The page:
A new report released today alleges that Cambodian factories which supply H&M are in breach of labour rights.
More than four factories in Cambodia have been found to be in violation of labour rights despite H&M saying they are “best in class”, according to a report released by Cambodia-based NGO Center for Alliance of Labor & Human Rights.
However, H&M refute this.
“We demand that people are treated with respect and that our business partners offer their employees good working conditions,” the retailer said in a statement.
The report researched three of the fast fashion retailer’s “platinum suppliers” and one “gold supplier” and said that despite the brand’s pledge to pay minimum wage, this was not a reality.
According to the report, factory workers reported faintings on the factory floor, wage cuts for arriving only a few minutes late, inadequate sick leave practices and restrictions on toilet breaks.
The Retal Gazette reported on H&M’s failure to pay factory workers the living wage back in February, in which workers were found to be encouraged to skip breaks to increase wages and were still not paid enough “to live with dignity”.
H&M run a Fair Wage Method project which started in 2013, but the report alleges that workers in its “platinum” factories were still payed below the stipulated industry median.
The study also found H&M’s “gold” factories paid some workers below the living wage.
In addition, three out of the four factories studied had workers that were denied contracts they were entitled to under Cambodian law, which ensures a permanent contract after two years of working at the factory.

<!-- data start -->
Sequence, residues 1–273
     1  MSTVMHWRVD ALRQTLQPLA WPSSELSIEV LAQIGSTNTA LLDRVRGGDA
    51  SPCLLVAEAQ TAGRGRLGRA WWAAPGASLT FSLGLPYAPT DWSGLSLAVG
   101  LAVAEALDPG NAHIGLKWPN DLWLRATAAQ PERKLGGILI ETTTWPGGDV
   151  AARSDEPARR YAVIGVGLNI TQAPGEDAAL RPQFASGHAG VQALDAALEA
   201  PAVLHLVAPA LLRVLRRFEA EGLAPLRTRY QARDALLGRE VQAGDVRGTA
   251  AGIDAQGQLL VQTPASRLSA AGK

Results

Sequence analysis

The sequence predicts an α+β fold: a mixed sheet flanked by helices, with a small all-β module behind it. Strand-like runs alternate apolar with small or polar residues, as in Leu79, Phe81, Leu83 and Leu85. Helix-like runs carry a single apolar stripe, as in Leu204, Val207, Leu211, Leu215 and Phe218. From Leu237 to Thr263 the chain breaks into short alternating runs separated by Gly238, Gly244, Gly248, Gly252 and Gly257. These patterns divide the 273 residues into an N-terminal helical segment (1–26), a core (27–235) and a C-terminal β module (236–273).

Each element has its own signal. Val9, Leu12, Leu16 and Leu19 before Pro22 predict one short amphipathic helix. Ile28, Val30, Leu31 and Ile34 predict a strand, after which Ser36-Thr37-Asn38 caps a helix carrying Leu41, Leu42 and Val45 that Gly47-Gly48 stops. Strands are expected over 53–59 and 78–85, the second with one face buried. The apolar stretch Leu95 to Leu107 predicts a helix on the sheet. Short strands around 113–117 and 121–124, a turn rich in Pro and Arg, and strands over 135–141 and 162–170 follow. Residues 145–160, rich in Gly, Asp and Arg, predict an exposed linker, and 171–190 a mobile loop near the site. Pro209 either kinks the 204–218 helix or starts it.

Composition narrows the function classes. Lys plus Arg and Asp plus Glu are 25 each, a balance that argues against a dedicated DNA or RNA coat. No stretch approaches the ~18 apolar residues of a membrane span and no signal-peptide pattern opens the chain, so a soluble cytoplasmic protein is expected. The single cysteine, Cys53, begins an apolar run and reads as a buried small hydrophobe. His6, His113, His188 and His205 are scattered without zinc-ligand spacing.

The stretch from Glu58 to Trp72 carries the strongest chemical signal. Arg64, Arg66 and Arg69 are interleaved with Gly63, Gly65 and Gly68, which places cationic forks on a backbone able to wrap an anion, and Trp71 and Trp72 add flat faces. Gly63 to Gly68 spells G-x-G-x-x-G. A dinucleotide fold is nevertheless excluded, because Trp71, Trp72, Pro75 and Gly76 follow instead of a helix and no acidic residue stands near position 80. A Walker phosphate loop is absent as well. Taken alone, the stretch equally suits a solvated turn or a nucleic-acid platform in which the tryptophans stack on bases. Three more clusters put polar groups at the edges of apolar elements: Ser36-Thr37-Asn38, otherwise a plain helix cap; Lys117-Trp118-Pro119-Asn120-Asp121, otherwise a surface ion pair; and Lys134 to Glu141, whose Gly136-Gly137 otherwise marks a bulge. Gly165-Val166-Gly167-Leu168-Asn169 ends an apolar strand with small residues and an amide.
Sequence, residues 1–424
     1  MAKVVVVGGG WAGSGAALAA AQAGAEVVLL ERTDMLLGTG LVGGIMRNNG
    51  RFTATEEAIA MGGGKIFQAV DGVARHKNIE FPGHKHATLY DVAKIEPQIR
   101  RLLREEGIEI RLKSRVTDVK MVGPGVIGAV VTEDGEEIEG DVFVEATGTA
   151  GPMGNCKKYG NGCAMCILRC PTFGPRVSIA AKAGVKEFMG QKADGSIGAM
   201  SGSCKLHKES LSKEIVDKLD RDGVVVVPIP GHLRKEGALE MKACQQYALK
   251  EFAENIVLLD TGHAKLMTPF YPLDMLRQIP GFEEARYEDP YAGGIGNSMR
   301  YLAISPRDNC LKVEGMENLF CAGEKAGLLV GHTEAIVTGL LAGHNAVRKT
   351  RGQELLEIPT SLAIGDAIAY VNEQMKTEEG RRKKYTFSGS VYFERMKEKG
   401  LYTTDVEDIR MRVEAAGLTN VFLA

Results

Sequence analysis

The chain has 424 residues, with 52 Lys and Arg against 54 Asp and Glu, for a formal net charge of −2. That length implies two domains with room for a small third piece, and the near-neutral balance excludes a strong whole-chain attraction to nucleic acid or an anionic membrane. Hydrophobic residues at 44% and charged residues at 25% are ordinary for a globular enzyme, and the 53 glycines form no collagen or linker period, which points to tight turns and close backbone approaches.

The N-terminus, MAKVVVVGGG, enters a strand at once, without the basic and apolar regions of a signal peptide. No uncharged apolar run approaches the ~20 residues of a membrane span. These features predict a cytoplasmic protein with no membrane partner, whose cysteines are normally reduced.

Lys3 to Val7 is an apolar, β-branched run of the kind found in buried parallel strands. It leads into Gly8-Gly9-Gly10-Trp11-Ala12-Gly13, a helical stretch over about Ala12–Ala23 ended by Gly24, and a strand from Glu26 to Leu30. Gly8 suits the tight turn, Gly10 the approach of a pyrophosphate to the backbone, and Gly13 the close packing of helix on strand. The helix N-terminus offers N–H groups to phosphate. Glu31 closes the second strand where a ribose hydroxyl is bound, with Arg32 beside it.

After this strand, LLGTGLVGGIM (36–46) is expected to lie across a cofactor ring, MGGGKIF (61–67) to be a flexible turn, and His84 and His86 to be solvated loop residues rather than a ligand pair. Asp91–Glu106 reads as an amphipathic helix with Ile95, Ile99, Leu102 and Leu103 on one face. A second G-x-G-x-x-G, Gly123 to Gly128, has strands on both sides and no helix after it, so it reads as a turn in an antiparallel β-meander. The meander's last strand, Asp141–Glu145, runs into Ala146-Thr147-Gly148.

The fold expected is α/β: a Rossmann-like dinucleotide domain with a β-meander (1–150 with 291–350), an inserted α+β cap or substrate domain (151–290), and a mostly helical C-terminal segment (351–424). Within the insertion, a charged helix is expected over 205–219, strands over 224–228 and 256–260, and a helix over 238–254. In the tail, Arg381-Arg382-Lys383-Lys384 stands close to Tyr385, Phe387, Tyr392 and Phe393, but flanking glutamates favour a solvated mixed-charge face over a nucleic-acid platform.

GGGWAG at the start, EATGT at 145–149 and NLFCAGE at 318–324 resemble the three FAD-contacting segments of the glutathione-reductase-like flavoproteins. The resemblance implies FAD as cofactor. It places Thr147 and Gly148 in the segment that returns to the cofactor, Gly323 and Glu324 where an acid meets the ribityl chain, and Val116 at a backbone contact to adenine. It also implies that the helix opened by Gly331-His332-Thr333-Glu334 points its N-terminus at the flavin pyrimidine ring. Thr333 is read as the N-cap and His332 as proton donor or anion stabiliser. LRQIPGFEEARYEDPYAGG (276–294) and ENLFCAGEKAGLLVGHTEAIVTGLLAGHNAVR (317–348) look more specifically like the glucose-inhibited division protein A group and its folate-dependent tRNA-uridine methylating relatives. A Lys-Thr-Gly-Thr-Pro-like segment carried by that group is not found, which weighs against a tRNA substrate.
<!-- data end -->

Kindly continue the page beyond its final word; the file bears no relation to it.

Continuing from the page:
“H&M must immediately announce a zero tolerance policy for illegal contracts and monitor the rapid implementation of permanent contracts for workers engaged beyond two years at the same facility,” report consultant Joel Preston said.
Workers at three quarters of the surveyed factories also expressed concerns over freedom of association in the report.
Many feared being discriminated against or forced to resign if they started a union and many also alleged wages being deducted without consent.
Carin Leffler from Future in Our Hands said: “The workers describe practices which are outrageous, and which violate Cambodian labour law, ILOs Core Conventions and H&M’s own Code of Conduct.
In response to the report a spokesperson from H&M said it was “important to us to know under what conditions our products are made”.
“All our suppliers need to sign our strict code of conduct and follow national legislation and we regularly check that our demands are followed through unannounced and announced visits,” the spokesman said.
“During these visits we also interview factory workers to make sure our suppliers follow our requirements.
“Transparency and openness in the supply chain is important to achieve positive change and we were the first fashion retailer to publish our supplier list. We also work hard on strengthening workers’ rights and their possibilities to negotiate through unions or worker representatives.”